Clearly, the reform in thinking would require a reform in teaching (primary, secondary, university), which itself would require the reform in thinking. Just as clearly, the democratization of the right to thinking would require a paradigmatic revolution that would allow for a complex thinking to reorganize knowledge and relink the fragmented disciplines. Once again, we are faced with the inseparability of problems, with their circular or recursive character, in which each depends on the other. This makes the reform in thinking all the more difficult, and at the same time, all the more necessary, as only a complex thinking could consider and deal with this interdependent circularity. (p. 132)

            Once we recognize the interdependencies of humanity, accepting the fact that the “self” needs the “other,” and the latter needs the former, then there is no need for distinction between the “self” and the “other.” We all have agency, and we all can contribute.       

Within the sphere of complex thinking, in the postmodern condition, we must also embrace the concept of “multiple intelligences.” The traditional IQ test is no longer a valid medium of measurement of a student’s intelligence. This idea is especially paramount in an audiovisual culture whereby movies transmit ideologies and paradigms to people of various backgrounds and personal histories. There are indeed different categories of intelligence: linguistic, logical, spatial, kinesthetic, musical, interpersonal, and intrapersonal intelligences (Gardner, 1993). Theoretically speaking we are all amalgams of the mentioned categories, hence the term “multiple intelligence.” In this paradigm each student has strengths in some areas and weaknesses in others. For example, a student with strength in spatial intelligence and weakness in linguistic intelligence would easily understand the concept of mise-en-scene- the French term that means “placement in the scene” (a cinematic technique for placement of visual objects in a scene to create a desired meaning). On the other hand the same student would have a hard time with understanding the latent meaning within a complex dialogue in a film.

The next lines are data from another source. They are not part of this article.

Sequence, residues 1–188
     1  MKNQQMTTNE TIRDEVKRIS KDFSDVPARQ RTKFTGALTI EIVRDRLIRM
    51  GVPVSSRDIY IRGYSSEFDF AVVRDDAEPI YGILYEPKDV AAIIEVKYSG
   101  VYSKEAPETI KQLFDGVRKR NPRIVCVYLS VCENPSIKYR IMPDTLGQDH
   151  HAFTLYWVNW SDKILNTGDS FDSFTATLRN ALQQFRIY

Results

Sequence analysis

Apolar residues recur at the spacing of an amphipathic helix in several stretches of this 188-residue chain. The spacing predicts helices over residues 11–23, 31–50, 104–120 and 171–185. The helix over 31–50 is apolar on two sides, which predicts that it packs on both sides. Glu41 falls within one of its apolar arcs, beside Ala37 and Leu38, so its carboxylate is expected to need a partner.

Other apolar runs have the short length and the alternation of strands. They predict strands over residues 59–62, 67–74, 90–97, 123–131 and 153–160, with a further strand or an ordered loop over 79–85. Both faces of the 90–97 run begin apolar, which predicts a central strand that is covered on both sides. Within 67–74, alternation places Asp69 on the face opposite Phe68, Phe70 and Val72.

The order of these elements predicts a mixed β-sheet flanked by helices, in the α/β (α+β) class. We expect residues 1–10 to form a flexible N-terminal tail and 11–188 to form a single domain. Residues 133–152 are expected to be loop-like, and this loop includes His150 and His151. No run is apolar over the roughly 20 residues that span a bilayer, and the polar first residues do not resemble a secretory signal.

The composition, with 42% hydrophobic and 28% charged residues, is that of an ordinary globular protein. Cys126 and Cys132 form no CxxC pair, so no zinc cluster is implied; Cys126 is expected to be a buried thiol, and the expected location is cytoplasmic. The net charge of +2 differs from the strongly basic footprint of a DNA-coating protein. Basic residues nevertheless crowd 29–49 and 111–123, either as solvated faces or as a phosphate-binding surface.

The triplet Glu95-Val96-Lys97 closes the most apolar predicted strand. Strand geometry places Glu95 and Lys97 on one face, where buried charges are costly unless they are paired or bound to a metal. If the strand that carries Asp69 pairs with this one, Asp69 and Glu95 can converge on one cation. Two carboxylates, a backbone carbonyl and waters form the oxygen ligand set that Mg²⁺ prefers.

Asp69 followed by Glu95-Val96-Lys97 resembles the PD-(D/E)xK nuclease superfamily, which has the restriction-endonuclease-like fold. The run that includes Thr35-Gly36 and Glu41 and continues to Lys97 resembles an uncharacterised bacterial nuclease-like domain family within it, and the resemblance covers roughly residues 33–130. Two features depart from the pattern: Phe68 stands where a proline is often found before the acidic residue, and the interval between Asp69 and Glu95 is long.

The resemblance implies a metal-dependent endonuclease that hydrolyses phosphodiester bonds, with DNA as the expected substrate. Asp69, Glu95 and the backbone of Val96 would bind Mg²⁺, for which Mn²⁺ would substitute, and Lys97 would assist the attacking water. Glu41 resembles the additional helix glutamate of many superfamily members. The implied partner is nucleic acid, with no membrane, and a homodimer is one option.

In a learner-centered environment where there is a dialectical exchange between the teacher and student, the teacher can recognize this condition and help the student by further explicating the “meaning” of the words in the film dialogue. Operating under the assumptions of “complex thought” learning must be done in dialogical fashion. For example, when a student responds to a question by the teacher about a particular dialogue in film by saying she does not understand the meaning of that dialogue, the teacher can create a dialogue with the student by repeating the same dialogue (from the film) with the student and step by step, word by word, explain the meaning of the words and their connection to the premise of the film. Furthermore, this dialogical process crystallizes the holographic aspect of cinema. That is, the whole (i.e., film) is included in the part (i.e., the dialogue in question) which is included in the whole. If the learner who is at the center of learning process participates directly then chances of that learning becoming transformative are increased.    

What is Transformative Cinema?

I have been discussing cinema as an art form. I would like to further examine this concept. Is cinema art? Before I can answer this question I must qualify my answer with establishing a “definition” of art. While delineating “art,” in his famous essay, “What is Art,” Tolstoy (1898) writes,